The simple declarative statement is exactly what anyone who loves driving cars for pure enjoyment of the experience wants to hear: “We’re a performance brand.” The man speaking was Jon Ikeda, Acura’s vice president and general manager, during a recent showcase of updates the company made to its 2017 MDX crossover.
Ikeda’s words ring far more true today than they have in the past decade prior at Acura, thanks in large part to the launch of the new NSX, a car that has reinvigorated the marque. Ikeda took on his latest role at Acura in late 2015 after some 25 years as a designer for it and Honda. His groundbreaking career has seen him become one the first designers from the U.S. to join Honda’s team of stylists in Japan. He was also the lead designer of the 2004 Acura TL — the company’s best-selling vehicle of all time.
It’s much easier for Ikeda to drop that line now that the NSX is up and running. It’s a car we’re featuring in this issue, one that senior editor Chris Nelson explored on the track and across New England. More of us have also had a chance to drive the NSX on canyon roads, long highway stretches, and on a circuit as well. Our verdict? Although a different approach to high performance, with its front electric motors paired with a twin-turbo six, the NSX is no question one of the most enjoyable and capable supercars on the market. It makes ordinary drivers like me feel like superheroes, while at the same time it allows seasoned pros like our own Andy Pilgrim (who also had a crack at it recently) to experience at the limit thrills rivaling any car in the same space. Not to mention it’s also built, styled, and primarily engineered here in the U.S.
While Ikeda has a long way to go before anyone considers Acura’s lineup as truly performance-oriented top to bottom, it has strong building blocks such as its Super Handling-All Wheel Drive system. It’s also been teasing its future in the form of its expressive Precision Concept exterior and interior styling exercises at recent auto shows.
As is the case with any automotive exec in this age, Ikeda is aware of the challenges Acura faces as autonomy looms, but he appears poised to confront them. “Advances in electrification, auto-mated vehicles, and connectivity are fundamentally reshaping the future of mobility,” he said at the Los Angeles auto show last November. “Acura is determined to leverage this massive shift to deliver unique expressions of performance to our customers.” That’s a mantra we can get behind.
Things are also looking up over at Acura’s big brother Honda when it comes to excitement. Honda was stung by the criticism it received when it rolled out its 2012 Civic, and its CR-Z hybrid-powered two-seater proved to be a tepid performer that is being axed from its lineup. Although Honda’s primary goal clearly is as a purveyor of well-engineered, efficient, and affordable conveyances for the masses, it has also forged a reputation as a brand with some pizzazz baked into the mix. There was a time when the Civic ruled the tuning scene, when drag racers turned them into sub-10-second cars.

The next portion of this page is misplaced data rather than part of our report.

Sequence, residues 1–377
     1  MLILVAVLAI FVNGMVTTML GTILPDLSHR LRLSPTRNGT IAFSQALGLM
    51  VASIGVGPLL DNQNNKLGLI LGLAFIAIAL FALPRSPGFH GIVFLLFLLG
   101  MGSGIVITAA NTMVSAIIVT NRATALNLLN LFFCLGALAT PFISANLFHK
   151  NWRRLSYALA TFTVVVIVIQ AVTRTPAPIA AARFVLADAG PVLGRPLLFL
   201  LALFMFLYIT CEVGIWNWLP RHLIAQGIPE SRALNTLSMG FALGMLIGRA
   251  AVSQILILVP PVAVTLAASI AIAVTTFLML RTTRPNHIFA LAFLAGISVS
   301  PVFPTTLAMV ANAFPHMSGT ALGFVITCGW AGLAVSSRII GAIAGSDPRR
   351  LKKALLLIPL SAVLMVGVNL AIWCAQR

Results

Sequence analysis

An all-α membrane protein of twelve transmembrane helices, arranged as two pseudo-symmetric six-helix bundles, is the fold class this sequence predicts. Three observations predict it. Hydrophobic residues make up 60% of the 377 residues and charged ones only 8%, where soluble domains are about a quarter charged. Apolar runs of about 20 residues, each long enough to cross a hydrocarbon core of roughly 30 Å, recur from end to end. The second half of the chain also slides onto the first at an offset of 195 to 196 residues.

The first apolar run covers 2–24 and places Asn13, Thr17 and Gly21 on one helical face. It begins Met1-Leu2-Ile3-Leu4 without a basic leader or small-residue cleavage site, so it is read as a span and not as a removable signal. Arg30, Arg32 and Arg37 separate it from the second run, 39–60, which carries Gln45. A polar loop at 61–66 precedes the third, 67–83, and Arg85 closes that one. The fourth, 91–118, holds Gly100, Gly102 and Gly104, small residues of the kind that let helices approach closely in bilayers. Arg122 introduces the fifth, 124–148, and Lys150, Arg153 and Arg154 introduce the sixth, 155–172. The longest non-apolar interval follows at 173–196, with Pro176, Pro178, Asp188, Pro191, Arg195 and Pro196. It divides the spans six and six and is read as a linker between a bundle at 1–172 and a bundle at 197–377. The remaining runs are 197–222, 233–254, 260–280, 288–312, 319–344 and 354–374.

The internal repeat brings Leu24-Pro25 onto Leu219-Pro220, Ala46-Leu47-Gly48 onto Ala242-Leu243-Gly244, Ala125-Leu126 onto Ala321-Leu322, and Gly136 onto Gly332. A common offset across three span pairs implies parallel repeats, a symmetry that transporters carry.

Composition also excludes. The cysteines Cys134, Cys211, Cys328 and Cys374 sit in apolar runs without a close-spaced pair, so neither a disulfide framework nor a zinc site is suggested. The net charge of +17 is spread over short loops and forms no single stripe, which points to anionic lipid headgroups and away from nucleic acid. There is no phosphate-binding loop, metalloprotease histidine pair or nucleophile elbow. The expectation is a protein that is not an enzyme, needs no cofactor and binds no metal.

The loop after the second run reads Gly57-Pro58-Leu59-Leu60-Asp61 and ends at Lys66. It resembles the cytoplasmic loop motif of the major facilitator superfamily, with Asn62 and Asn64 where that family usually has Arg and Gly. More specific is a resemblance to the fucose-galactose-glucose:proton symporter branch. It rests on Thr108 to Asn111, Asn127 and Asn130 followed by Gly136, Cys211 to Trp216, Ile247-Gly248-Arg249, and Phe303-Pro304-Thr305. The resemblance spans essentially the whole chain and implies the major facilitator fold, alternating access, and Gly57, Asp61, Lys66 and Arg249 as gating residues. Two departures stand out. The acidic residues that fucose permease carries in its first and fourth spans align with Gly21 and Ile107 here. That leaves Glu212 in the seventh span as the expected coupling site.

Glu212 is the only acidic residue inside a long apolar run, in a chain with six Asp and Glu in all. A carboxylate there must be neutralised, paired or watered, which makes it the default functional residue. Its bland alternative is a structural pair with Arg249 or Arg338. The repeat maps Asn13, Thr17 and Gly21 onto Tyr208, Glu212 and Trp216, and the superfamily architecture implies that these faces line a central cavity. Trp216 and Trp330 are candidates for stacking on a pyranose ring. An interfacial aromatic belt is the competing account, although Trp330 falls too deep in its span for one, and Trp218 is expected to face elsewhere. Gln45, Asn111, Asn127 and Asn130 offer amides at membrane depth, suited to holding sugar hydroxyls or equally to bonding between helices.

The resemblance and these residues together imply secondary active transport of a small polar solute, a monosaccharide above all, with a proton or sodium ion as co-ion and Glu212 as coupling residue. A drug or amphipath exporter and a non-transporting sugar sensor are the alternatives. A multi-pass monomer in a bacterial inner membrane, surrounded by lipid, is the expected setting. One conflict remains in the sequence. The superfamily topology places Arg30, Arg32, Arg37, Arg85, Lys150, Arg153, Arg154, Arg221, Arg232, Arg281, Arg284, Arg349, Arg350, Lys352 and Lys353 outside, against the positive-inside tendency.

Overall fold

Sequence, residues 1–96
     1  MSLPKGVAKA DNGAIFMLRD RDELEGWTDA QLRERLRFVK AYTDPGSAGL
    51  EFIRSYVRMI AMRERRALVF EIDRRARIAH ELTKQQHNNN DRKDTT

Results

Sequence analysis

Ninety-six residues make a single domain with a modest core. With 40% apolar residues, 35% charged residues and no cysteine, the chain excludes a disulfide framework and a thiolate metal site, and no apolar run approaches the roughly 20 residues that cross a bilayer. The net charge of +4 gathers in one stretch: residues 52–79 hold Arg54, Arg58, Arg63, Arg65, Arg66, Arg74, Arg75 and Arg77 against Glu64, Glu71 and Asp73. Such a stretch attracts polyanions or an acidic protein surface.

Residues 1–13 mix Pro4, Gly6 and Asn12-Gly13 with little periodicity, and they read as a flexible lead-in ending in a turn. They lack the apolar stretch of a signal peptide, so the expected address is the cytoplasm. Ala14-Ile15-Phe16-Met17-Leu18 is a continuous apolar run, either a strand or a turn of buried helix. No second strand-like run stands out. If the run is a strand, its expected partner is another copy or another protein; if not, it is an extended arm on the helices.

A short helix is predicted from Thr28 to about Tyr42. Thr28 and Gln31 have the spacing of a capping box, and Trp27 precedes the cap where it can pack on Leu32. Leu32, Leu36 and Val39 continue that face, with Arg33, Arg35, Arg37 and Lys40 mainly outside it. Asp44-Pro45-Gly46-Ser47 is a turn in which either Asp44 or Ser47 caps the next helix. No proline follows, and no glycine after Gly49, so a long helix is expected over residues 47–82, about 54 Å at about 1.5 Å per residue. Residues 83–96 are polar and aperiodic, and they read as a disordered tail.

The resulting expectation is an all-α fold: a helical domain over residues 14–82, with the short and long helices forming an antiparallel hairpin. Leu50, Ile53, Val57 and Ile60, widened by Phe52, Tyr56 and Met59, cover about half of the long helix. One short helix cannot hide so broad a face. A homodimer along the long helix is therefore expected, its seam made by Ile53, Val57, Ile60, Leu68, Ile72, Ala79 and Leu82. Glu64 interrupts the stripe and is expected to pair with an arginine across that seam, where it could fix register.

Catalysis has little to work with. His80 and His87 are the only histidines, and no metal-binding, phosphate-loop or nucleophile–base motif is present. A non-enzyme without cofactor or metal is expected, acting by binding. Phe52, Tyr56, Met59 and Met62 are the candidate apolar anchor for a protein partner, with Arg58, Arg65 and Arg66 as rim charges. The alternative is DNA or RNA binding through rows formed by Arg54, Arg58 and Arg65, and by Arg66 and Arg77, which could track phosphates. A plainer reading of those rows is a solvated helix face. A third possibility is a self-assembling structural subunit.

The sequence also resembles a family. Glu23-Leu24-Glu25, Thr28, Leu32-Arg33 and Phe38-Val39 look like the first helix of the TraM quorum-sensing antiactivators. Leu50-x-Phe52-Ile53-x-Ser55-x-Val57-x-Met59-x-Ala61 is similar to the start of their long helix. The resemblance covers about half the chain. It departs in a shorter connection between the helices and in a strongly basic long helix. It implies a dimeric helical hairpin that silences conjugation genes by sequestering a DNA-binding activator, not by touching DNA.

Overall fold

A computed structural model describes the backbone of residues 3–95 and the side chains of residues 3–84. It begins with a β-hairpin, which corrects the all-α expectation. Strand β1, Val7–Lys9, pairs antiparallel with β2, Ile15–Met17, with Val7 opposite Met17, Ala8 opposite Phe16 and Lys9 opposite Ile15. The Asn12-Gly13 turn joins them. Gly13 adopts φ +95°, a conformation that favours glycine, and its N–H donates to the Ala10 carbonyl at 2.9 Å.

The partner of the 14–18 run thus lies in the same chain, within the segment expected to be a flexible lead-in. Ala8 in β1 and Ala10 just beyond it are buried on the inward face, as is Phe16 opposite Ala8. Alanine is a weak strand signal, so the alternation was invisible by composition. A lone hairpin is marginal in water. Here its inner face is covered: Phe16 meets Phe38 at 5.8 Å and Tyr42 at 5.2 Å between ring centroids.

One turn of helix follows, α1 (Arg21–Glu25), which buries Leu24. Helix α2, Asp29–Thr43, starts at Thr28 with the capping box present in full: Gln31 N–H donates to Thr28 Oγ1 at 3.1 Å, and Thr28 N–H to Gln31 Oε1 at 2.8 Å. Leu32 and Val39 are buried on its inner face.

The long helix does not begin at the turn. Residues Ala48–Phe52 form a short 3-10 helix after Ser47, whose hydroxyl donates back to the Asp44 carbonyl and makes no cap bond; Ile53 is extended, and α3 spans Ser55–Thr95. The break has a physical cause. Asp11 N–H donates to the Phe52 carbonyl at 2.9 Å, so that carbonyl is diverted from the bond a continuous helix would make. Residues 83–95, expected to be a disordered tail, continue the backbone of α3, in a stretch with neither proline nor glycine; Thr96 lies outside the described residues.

While the salad days of the Civic as a tuner’s delight are likely behind it, there is plenty to appreciate now and in the near future for the 10th-generation Civic, which has become its own mini lineup. I recently had a chance to sample the Sport version of the Civic hatchback, with its sublime six-speed manual, superb steering feel, and a peppy 1.5-liter turbo four with 180 horsepower. It’s a perfect expression of a slower car that’s fun to drive fast. And it’s also polarizing in its exterior design. You’ll either love it or hate its looks, but you’re not going to miss it.
You want your Civic hotter? Coming soon you’ll be able to get two flavors of spicy — the latest version of the Si and the wild-child Type R hatch with its aero kit, including a massive rear wing, and 20-inch rims. After being previously available only overseas, the Type R is finally coming to America and could have as much as 340 horsepower from what’s expected to be a 2.0-liter turbo four mated to a six-speed manual driving the front wheels. The Si coupe and sedan will be far from slouches as well, with a tuned version of the 1.5-liter good
for more than 200 horsepower with the usual Si upgrades (suspension, gearbox, etc.).
It’s heartening to see Honda and Acura make a commitment to producing cars such as the Type R and the NSX. These products show performance is still a part of their futures, which is something worth celebrating in this day and age.